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  • Steven Jaksha DMD

VIRUSES & OUR MOUTHS


Covid 19. This virus has turned our lives upside down not only from a health perspective but also from a social and economic perspective.


Paranoia runs rampant. Real or imagined, the CDC statistics demonstrate that some 22,000 deaths have occurred this season in the U.S. alone from Influenza A or B (the flu). When compared to the some 10,000 deaths worldwide from Covid 19 deaths we can see a difference but that does not take away from the fear of “what if?”


It used to be only medical personnel with masks and gloves but now Covid 19 has grocery store shoppers donning the same apparel. Many physicians have their professional opinions as to what everyone should be doing with many correct but also some are slightly askew of reality. Yesterday, I heard a physician on the radio telling everyone “stay away from your dental appointments for now”. He could not have been more wrong.


Periodontal (gum) disease is one of the world’s largest infection disease problems. Infections in our mouths from unabated bacteria can cause a number of systemic disease processes, often over-looked by many physicians. The potential for periodontal-gum disease complications multiplies with a viral infection.


Viral infections compromise our immune systems that then can open our body’s to a “super-infection”.  A super-infection is caused by an over-lapping bacterial infection. This occurs as our body is often fighting off a cold or flu virus. The bacteria, often involved in a super-infection, are often already found in our body naturally. Streptococcus pneumoniae or Staphylococcus aureus are just two. As your body is fighting off a virus they can become “opportunistic” bacteria invading other body organ systems such as our lungs or sinuses, creating a super-infection.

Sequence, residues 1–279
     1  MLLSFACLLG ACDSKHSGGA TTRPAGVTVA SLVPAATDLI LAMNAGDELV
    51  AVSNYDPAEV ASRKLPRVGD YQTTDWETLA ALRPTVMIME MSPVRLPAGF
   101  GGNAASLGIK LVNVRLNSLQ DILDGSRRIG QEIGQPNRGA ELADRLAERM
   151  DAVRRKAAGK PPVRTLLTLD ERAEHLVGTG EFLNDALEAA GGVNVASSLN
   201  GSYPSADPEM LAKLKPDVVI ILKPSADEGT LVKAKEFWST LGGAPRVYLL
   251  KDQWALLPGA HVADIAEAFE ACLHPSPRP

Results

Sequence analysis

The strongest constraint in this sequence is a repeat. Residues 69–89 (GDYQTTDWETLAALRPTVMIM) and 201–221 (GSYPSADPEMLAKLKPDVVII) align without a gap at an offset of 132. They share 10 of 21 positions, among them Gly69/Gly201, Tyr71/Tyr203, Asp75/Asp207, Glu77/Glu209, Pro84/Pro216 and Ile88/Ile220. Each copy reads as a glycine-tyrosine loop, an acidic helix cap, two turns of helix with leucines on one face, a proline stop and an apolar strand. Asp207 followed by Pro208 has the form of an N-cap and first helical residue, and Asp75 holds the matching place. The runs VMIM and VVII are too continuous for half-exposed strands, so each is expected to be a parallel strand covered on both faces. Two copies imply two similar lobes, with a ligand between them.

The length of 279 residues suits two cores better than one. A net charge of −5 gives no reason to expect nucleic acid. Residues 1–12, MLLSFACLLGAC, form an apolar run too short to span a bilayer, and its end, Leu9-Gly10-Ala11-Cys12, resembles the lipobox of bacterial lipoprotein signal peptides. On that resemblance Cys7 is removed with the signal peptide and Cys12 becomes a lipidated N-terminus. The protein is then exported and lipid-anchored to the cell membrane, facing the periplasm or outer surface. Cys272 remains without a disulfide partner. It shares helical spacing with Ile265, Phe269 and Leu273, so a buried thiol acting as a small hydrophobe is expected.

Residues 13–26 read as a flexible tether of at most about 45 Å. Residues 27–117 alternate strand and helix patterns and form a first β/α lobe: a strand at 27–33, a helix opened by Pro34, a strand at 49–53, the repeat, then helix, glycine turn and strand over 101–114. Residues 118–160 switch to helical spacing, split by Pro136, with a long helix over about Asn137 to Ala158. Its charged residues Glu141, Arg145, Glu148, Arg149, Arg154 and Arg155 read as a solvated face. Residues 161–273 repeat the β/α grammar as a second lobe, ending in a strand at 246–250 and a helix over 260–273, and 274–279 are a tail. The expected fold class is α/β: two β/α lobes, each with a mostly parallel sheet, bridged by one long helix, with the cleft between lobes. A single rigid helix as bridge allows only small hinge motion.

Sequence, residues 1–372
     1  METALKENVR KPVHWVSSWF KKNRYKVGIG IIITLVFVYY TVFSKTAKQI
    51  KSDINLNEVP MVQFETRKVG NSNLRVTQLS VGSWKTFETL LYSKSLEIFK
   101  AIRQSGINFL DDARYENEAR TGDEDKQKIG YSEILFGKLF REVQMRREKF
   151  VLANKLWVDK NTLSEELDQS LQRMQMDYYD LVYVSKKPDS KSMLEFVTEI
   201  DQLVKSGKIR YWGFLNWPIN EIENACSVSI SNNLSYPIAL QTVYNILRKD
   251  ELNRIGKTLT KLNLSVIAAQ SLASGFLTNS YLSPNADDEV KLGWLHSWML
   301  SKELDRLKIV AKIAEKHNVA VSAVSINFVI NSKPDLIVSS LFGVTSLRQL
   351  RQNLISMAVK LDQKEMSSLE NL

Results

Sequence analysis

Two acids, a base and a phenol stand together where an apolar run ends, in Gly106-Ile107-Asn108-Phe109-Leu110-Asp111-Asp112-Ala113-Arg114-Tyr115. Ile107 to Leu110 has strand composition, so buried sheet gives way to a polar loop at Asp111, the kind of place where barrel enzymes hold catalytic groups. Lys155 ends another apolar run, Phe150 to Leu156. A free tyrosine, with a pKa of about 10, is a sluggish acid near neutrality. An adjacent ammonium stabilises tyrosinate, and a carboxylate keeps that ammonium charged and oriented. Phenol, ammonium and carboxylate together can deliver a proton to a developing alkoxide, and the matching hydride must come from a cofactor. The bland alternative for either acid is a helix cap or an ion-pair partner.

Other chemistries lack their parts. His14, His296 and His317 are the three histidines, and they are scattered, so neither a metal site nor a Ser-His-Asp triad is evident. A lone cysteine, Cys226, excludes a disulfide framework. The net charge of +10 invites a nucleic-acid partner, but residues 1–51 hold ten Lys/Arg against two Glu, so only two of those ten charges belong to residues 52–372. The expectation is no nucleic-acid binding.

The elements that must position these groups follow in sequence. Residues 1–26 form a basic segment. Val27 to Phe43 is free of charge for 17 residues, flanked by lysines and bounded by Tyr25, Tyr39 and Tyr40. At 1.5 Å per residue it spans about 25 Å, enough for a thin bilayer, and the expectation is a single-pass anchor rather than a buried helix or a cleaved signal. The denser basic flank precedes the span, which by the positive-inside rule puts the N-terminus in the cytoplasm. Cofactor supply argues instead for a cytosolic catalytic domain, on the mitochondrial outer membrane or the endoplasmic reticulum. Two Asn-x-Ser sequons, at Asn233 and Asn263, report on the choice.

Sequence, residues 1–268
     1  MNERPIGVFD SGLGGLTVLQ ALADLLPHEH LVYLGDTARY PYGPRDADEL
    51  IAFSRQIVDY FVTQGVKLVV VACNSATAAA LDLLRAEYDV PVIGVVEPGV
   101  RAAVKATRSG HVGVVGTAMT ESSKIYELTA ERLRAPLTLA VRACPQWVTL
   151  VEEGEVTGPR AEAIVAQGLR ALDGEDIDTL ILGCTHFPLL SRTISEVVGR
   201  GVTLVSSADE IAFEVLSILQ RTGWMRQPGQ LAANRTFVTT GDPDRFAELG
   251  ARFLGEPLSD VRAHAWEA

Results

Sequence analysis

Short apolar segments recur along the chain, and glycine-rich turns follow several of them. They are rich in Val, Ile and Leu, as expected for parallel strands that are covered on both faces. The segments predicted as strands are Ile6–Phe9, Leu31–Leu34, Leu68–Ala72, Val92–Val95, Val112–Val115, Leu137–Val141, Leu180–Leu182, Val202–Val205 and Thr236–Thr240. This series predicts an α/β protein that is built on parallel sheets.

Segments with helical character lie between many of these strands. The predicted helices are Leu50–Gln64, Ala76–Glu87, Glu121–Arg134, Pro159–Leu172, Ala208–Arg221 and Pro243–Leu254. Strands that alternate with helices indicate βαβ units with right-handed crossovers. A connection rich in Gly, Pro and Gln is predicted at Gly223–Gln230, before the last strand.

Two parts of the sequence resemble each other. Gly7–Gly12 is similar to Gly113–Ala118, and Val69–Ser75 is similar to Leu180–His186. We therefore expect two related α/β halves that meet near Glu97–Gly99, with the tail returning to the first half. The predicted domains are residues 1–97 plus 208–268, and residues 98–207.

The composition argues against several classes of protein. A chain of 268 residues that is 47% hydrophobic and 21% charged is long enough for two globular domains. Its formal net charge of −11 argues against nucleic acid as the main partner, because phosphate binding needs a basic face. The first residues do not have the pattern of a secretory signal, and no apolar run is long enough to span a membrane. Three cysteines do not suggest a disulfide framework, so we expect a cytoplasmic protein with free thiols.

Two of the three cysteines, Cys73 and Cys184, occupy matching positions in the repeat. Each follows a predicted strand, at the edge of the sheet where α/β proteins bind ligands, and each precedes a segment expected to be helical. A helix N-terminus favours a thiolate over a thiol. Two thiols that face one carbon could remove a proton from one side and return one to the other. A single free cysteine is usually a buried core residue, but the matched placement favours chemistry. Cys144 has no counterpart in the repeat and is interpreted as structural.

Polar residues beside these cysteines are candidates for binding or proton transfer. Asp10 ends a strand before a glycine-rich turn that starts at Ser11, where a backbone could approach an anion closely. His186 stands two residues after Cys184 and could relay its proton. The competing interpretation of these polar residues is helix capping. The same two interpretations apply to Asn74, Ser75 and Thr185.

The mouth. Our periodontal-gum complex has a biofilm of bacteria living there with many natural bacteria. One being Staphylococcus aureus. Also, Streptococcus pneumoniae is usually found in the nose and throat but can be found in the mouth. These bacteria, like all bacteria, can become opportunistic bacteria, if given the chance, due to a compromised immune system from a viral infection. These bacteria can then become a super-infection complicating a viral infection, treatment and finally, recovery.


That said, all patient’s should maintain continued regular cleaning appointments with their dentists to ensure a healthy periodontal-gum condition so as to avoid viral complications. Today, Covid 19 symptoms are multiple and potentially could create a super-infection that we read about. If a patient had an infection on their arm, their physician would be very concerned about a super-infection opportunity and treat it accordingly. Then ask yourself, if you have a periodontal-gum infection, wouldn’t you want that treated too and not simply “stay away from your dental appointments for now”. Avoid periodontal-gum infections with regular dental examination cleaning appointments.


Steven Jaksha DMD

Odontology, Oral Diseases

San Diego, CA



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